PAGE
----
A group of Cirque du Soleil creditors have solidified their place as the next owners of the circus in a deal that would end Quebec’s long-standing presence as a stakeholder in the 36-year-old troupe.
Documents filed in the Superior Court of Quebec under the Companies’ Creditors Arrangement Act say interested parties had until Tuesday to submit a rival offer.
Cirque spokeswoman Caroline Couillard says the company has not received a bid that tops the US$1.2-billion deal with its secured lenders.
Led by Toronto-based Catalyst Capital Group, about a dozen creditors that hold US$1.1 billion in Cirque’s secured debt made their proposal last month.
It established a baseline bid that set the minimum conditions for any rival proposals.
Cirque’s three current shareholders — TPG Capital, Chinese firm Fosun and the Caisse de depot et placement du Quebec — had presented a US$420-million bid — now rejected — when Cirque filed for creditor protection in June.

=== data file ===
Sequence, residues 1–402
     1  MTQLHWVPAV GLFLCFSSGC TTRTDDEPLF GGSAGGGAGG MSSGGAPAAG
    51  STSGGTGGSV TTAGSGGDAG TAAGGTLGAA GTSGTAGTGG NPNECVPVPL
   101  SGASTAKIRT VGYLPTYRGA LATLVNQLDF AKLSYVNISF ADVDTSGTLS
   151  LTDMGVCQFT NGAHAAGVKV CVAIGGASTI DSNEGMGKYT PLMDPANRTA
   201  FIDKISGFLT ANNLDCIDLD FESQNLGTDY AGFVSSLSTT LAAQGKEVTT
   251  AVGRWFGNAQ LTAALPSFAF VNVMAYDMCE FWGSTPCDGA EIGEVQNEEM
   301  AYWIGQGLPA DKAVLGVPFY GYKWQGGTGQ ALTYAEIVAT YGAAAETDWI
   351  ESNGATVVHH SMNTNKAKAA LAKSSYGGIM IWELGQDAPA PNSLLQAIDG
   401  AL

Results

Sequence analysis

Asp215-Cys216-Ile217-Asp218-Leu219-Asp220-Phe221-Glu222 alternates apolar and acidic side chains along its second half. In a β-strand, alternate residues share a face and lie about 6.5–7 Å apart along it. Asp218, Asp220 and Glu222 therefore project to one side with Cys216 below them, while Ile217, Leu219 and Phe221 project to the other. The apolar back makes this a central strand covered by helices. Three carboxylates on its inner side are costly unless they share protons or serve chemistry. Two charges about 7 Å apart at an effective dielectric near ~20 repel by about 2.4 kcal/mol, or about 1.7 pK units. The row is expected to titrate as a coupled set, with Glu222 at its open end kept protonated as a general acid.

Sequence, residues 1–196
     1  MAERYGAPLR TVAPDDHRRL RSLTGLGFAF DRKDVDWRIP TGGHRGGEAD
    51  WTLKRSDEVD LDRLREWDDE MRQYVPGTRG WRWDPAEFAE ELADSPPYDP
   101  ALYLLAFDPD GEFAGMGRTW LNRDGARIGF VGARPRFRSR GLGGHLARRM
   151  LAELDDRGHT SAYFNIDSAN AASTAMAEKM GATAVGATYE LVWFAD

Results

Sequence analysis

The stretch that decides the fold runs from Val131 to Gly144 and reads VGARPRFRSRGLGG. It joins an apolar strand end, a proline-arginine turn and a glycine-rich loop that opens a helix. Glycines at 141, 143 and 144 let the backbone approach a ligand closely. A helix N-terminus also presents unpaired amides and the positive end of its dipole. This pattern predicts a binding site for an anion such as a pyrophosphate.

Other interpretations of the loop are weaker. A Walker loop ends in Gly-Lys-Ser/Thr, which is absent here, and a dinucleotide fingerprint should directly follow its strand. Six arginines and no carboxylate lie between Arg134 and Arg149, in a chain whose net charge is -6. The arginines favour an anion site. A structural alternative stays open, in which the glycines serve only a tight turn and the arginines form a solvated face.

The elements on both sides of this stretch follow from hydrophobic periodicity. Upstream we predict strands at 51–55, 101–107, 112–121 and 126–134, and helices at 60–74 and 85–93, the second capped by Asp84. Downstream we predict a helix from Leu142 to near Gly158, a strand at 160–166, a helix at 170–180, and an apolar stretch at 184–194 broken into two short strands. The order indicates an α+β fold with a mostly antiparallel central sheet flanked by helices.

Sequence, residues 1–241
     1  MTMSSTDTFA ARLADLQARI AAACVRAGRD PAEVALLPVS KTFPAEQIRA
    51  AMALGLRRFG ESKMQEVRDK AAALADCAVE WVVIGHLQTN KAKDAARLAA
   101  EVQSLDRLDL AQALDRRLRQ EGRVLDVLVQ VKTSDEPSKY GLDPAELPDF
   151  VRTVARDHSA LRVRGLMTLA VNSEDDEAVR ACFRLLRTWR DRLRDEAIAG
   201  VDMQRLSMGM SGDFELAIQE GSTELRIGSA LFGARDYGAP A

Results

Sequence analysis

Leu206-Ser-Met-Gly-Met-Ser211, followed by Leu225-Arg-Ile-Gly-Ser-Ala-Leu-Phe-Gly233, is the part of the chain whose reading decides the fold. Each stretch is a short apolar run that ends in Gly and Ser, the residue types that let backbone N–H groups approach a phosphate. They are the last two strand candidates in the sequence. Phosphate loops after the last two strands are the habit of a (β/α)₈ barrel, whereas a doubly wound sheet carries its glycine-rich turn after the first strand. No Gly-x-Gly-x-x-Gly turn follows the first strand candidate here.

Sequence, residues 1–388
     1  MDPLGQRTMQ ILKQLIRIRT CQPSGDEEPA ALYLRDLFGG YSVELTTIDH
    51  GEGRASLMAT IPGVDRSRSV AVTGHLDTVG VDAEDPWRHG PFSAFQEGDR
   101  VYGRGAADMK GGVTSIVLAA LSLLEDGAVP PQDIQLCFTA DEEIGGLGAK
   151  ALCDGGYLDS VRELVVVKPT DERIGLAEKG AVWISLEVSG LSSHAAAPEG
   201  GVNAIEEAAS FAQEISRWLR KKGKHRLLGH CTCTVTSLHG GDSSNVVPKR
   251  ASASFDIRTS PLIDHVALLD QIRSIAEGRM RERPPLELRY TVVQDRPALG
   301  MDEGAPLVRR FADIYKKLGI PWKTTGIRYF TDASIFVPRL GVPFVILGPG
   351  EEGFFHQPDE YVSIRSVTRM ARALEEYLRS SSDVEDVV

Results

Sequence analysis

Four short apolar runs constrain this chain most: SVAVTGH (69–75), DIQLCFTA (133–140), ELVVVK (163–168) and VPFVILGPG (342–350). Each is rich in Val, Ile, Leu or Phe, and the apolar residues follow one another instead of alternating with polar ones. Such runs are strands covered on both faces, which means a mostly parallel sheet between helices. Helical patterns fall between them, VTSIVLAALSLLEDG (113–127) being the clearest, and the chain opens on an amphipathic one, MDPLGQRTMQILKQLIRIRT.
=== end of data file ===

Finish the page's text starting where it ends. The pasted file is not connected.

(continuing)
The Montreal-based Cirque, which originated as a troupe of fire-breathers and stilt-walkers, is on the verge of losing the last Quebec-based shareholder, the Caisse, in one of the province’s signature cultural brands.
Co-founder Guy Laliberté sold off his remaining shares to the Caisse for US$75 million in February just before the COVID-19 pandemic hit North America.
Since then, the Quebec pension fund has written down its US$170-million total investment in the company to zero.
Deprived of income since mid-March due to fallout from the coronavirus, Cirque has cancelled its 44 shows and cut nearly 3,500 employees.